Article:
Schreyögg, J., Stargardt, T., Tiemann, O., and Busse, R. (2006a), ‘Methods to determine reimbursement rates for diagnosis related groups (DRG): a comparison of nine European countries’, Health Care Management Science, 9:215223.CrossRefGoogle Scholar
Schreyögg, J., Tiemann, O., and Busse, R. (2006b), ‘Cost accounting to determine prices: how well do prices reflect costs in the German DRG-system?’, Health Care Management Science,9:269279.CrossRefGoogle Scholar
Street, A. and Duckett, S. (1996), ‘Are waiting lists inevitable?’, Health Policy, 36:115.CrossRefGoogle Scholar
Vaida, M. L. (1984), ‘The financial impact of prospective payment on hospitals’, Health Affairs,3:112119.CrossRefGoogle Scholar
Wiley, M. (2004), In Activity Based Funding for Hospitals: English Policy, International Experience, Sussex, J. and Street, A. (eds), London: Office of Health Economics.Google Scholar

Altmetric attention score

Full text views

Full text views reflects PDF downloads, PDFs sent to Google Drive, Dropbox and Kindle and HTML full text views.

Total number of HTML views: 14
Total number of PDF views: 209 *
View data table for this chart

* Views captured on Cambridge Core between September 2016 - 23rd April 2021. This data will be updated every 24 hours.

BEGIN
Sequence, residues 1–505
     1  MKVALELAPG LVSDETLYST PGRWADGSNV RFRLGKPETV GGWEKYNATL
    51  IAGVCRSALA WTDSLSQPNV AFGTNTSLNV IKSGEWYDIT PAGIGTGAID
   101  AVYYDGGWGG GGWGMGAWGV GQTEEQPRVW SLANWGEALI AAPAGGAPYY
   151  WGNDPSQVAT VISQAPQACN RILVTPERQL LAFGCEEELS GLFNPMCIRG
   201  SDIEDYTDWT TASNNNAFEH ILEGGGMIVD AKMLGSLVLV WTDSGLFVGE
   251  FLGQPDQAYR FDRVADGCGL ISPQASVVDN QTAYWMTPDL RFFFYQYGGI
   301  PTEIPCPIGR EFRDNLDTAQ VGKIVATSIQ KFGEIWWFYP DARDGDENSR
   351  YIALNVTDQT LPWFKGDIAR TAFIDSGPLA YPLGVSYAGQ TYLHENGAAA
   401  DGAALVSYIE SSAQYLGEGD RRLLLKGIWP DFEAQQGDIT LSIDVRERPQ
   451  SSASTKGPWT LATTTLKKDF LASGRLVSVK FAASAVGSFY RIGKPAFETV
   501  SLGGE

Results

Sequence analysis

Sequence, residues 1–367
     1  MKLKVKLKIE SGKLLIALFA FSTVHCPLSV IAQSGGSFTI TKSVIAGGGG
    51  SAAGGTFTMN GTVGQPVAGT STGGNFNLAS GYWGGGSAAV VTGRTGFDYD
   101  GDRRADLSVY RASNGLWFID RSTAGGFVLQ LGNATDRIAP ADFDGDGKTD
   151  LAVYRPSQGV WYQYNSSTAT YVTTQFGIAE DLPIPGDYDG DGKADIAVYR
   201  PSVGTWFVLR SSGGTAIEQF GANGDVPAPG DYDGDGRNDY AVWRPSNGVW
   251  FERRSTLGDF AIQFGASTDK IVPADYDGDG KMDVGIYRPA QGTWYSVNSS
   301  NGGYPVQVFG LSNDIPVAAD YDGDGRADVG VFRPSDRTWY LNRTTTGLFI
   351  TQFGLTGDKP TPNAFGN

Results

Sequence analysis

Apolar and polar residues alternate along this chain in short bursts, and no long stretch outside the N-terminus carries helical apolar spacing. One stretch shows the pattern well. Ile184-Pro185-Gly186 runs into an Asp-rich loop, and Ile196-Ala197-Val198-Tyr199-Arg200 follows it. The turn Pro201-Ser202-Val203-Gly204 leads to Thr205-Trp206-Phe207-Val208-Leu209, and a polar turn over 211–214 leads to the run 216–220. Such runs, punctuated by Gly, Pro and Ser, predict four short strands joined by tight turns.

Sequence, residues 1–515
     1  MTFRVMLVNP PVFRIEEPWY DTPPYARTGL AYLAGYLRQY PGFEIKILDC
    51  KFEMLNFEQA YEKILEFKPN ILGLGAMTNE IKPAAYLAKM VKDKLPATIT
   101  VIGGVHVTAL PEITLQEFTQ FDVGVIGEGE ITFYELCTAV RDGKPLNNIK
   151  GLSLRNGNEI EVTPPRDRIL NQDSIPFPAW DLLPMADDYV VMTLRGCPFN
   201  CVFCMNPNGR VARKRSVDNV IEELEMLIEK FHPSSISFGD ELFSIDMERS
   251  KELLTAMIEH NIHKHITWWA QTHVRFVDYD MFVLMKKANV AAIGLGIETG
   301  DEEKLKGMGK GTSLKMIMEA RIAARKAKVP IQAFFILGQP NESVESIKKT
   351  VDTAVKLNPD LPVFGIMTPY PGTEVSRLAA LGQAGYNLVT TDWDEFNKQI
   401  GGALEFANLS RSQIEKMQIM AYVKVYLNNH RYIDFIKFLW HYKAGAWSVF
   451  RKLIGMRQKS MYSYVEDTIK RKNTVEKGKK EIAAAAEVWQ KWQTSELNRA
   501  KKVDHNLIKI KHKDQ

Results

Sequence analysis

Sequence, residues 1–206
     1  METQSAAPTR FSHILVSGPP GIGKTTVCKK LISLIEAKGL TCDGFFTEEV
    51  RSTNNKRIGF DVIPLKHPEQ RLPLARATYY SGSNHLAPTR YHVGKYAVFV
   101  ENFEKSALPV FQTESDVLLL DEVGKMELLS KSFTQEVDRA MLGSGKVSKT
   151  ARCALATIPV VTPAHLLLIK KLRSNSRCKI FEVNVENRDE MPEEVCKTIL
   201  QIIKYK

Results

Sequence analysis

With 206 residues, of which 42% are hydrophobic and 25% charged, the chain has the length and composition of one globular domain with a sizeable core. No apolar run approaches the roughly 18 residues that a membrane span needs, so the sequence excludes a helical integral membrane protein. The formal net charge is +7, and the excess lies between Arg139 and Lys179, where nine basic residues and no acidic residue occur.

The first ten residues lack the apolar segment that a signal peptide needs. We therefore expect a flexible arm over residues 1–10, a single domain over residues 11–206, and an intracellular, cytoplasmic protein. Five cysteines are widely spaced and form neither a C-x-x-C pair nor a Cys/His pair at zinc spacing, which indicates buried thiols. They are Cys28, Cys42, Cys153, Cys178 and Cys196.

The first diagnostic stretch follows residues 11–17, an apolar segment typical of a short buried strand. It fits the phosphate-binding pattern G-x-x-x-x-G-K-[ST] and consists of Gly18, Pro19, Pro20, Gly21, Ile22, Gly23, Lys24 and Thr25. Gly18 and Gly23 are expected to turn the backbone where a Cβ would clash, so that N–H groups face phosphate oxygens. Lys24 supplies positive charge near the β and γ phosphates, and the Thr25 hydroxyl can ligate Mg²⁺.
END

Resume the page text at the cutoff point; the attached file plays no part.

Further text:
Send article to Kindle

To send this article to your Kindle, first ensure no-reply@cambridge.org is added to your Approved Personal Document E-mail List under your Personal Document Settings on the Manage Your Content and Devices page of your Amazon account. Then enter the ‘name’ part of your Kindle email address below. Find out more about sending to your Kindle. Find out more about sending to your Kindle.

Note you can select to send to either the @free.kindle.com or @kindle.com variations. ‘@free.kindle.com’ emails are free but can only be sent to your device when it is connected to wi-fi. ‘@kindle.com’ emails can be delivered even when you are not connected to wi-fi, but note that service fees apply.

Find out more about the Kindle Personal Document Service.

Activity based financing in England: the need for continual refinement of payment by results
Available formats
×

Send article to Dropbox

To send this article to your Dropbox account, please select one or more formats and confirm that you agree to abide by our usage policies. If this is the first time you use this feature, you will be asked to authorise Cambridge Core to connect with your <service> account. Find out more about sending content to Dropbox.

Activity based financing in England: the need for continual refinement of payment by results
Available formats
×

Send article to Google Drive

To send this article to your Google Drive account, please select one or more formats and confirm that you agree to abide by our usage policies. If this is the first time you use this feature, you will be asked to authorise Cambridge Core to connect with your <service> account. Find out more about sending content to Google Drive.

Activity based financing in England: the need for continual refinement of payment by results
Available formats
×
×

Reply to: Submit a response


Your details


Conflicting interests

Do you have any conflicting interests? *